My Walnut Tree

I had a little nut tree
Nothing would it bear
But a silver nutmeg
And a golden pear.

The King of Spain’s daughter
Came to visit me
All for the sake
Of my little nut tree.

This nursery rhyme is said to commemorate the visit of Katherine of Aragon to King Henry VII’s court in 1506.

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My walnut tree does not have such an illustrious provenance, it started life as a walnut that I found on the lawn of a pub called the Walnut Tree, which as its name suggests had an ancient walnut tree growing in its garden, in Weston-super-Mare in the autumn of 2000. When I asked the land lord what he did with all the nuts on the ground he said, “Oh the squirrels take them, help yourself to as many as you like”. I brought some home to Twyford, ate some, and planted several in a large flower pot. The following spring only one germinated which I kept in the pot until I retired in 2002 and took over a very overgrown allotment where I planted it. It did not produce any nuts until it was six years old and about ten feet high when I had a crop of six nuts, since then, as it has grown, it has produced more and more each year, last year was a relatively poor year due to the wet weather in the spring, even so there was a crop of over a hundred. The tree is now sixteen years old being about 20 feet tall although I have reduced its height by pruning the leading shoots each year. The new nuts are not like those in the shops,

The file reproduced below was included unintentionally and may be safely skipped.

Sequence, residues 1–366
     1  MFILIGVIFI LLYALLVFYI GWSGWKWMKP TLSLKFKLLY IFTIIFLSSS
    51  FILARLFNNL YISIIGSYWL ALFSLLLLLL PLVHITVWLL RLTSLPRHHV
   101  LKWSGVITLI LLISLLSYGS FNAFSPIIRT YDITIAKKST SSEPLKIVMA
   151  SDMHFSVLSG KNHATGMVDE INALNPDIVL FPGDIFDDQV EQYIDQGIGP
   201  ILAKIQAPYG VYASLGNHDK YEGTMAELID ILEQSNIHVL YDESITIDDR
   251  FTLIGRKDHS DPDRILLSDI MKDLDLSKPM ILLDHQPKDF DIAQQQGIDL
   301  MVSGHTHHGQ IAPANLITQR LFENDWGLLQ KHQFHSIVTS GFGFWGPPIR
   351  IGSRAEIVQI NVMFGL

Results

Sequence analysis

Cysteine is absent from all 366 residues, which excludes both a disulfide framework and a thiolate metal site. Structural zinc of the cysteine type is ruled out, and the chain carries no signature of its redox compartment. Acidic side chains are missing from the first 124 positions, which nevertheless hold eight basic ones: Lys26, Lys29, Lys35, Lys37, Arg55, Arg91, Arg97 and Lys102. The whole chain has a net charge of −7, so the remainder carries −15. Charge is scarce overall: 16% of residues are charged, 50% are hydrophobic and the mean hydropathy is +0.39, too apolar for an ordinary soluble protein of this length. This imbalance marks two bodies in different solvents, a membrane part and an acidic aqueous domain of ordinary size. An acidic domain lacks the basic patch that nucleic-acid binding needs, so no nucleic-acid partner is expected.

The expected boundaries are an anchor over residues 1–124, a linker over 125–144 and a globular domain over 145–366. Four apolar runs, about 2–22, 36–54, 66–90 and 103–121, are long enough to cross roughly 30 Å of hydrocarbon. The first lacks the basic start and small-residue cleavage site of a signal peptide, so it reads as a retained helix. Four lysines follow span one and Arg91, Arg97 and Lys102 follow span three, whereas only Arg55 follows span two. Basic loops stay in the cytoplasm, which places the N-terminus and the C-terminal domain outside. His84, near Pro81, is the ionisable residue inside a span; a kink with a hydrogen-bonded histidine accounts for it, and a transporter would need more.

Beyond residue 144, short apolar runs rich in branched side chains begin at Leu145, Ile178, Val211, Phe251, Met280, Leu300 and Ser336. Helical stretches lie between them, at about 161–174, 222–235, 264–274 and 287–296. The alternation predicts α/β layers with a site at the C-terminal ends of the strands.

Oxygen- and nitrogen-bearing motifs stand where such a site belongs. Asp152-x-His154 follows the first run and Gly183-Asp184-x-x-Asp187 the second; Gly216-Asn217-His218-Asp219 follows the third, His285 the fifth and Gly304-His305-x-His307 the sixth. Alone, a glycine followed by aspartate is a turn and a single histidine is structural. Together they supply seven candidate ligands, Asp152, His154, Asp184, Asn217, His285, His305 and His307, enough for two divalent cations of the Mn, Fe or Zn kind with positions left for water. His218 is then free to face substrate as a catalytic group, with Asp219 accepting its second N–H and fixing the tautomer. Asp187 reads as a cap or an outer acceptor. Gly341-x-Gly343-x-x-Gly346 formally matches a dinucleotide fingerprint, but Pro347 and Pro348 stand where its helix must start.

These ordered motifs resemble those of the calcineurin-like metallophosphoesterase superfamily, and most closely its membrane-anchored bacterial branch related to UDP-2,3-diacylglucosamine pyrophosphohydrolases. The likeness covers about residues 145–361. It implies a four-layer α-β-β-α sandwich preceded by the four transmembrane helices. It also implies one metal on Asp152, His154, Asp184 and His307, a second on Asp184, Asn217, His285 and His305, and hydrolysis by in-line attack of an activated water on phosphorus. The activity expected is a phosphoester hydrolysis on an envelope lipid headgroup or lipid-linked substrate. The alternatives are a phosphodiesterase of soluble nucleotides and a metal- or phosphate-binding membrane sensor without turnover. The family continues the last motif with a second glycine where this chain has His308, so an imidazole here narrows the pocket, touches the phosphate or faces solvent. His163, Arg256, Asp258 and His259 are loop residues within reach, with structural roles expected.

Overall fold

In the spring, before the leaves fully appear the walnut tree produces catkins, about the size of an adult’s index finger and very small insignificant flowers. The flowers are wind pollinated, the catkins releasing clouds of pollen when they are mature. What’s required for a good crop are several days of warm dry sunny weather with a gentle breeze, wet weather, like last year, prevents the pollen spreading and a poor crop results. Release of the pollen can be helped by gently tapping the branches with a cane, perhaps giving rise to the not very PC west country proverb “a women, a dog and a walnut tree the more you beat them the better they be”. The nuts grow in a case very similar to the more familiar horse chestnut conker, when the nut is mature the case splits and the nut falls to the ground to be harvested or to be eagerly collected by squirrels if one is slow off the mark. The nuts need to be air dried, preferably in the sun, to ensure that they do not go mouldy before storing ready for Christmas.

Mike Y